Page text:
I don't really like canning all that much. For some things, it's the best way to preserve the harvest. But I have to balance that with what we'll actually eat. Aries doesn't like anything with vinegar, so I'm the only one that will eat pickles of any kind. Both of us prefer honey on our toast (and we barter our eggs with a beekeeper), so only occasionally will I make a batch of jam (strawberry or peach). Tomatoes, now, we eat a lot of, so those I can in various configurations (see previous posts on canning for those recipes). And I use applesauce instead of oil in a lot of my baking recipes, so canning a batch or two of applesauce is also an annual undertaking.
I don't freeze too much either. We only have the freezer part of our refrigerator, so space is an issue. Besides, I don't really like having my winter food supply dependent on a constant source of electricity - winter storms have been known to knock out power here for hours. Fruit, I dehydrate if I get a bumper crop, and also experiment with making hard ciders and perry. For the most part, we eat fresh vegetables when they're in season, and go for low-maintenance storage and cold-season crops to stretch our fresh foods options.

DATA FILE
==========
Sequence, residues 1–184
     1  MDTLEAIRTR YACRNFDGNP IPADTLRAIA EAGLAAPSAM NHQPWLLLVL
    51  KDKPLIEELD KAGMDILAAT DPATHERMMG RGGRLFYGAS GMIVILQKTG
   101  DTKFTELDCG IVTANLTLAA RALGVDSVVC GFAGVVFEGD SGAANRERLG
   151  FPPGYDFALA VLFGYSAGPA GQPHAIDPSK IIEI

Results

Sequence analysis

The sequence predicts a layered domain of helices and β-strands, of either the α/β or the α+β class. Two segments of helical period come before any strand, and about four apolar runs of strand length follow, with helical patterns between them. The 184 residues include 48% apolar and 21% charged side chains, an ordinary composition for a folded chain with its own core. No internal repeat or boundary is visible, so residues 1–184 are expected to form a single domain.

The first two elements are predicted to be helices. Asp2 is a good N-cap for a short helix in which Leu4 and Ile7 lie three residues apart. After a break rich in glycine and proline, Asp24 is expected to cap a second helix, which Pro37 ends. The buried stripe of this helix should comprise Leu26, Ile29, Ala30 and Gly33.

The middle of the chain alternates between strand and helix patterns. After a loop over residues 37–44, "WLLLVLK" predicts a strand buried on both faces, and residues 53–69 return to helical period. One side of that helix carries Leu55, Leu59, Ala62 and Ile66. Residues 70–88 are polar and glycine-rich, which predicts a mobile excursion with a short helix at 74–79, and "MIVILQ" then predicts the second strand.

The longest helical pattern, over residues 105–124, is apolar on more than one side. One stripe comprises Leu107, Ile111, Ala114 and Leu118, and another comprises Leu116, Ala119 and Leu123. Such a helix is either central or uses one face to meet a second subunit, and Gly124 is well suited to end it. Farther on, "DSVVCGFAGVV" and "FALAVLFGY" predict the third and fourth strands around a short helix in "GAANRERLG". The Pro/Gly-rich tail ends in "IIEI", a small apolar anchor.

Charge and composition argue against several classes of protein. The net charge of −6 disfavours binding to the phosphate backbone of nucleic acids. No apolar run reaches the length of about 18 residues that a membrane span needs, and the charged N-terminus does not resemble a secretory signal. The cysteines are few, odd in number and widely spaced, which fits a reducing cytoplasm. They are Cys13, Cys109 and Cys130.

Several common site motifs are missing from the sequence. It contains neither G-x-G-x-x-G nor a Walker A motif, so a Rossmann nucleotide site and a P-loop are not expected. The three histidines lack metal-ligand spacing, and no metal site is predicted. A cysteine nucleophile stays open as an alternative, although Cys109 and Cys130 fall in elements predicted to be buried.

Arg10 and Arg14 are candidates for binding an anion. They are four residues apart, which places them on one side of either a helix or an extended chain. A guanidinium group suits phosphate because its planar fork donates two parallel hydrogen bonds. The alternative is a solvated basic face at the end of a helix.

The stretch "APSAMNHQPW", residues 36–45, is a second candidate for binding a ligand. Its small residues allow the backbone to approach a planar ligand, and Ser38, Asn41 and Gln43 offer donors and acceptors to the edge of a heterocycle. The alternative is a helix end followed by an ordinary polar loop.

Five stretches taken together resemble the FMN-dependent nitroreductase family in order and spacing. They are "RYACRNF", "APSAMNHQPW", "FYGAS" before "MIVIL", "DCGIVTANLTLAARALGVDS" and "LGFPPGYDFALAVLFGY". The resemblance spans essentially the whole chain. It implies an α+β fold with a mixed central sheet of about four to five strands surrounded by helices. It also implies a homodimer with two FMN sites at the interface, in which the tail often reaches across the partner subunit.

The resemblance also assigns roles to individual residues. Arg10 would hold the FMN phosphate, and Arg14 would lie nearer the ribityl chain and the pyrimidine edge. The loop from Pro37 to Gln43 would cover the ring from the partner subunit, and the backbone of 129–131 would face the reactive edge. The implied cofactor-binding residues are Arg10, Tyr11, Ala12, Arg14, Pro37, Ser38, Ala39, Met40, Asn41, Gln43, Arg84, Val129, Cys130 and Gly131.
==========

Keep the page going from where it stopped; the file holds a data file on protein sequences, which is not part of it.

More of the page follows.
We do have a cellar. I open it up when nights start getting colder (but not below freezing) and then close it up during the warmer fall days to drop the temperature inside. Right now, the temperature down there is in the middle 50's. That's the perfect temperature for keeping some summer vegetables, at least into December. Refrigerators are too cold to keep summer vegetables into fall, but you might be able to do what I do with an unheated closet, enclosing an outside stairwell into your basement, or even under the bed in a closed-off guest room. I always let the last few zucchini grow pretty big - they'll keep almost as well as some winter squashes. Cellar-ripened slicing tomatoes are always on my Thanksgiving table, and usually Christmas too. Eggplant will keep until New Year's, if we don't eat them all first. I let them get full-sized but still firm, cut the stem close and break off the pointy parts of the caps (you don't want to damage the actual fruit part), and then wrap each tightly in plastic wrap. This year I tried growing lemon cucumbers, and just ate the last of them - they kept just piled in a big lightly-covered bowl. If I'd grown more, I think they would have made it to my Thanksgiving table as well.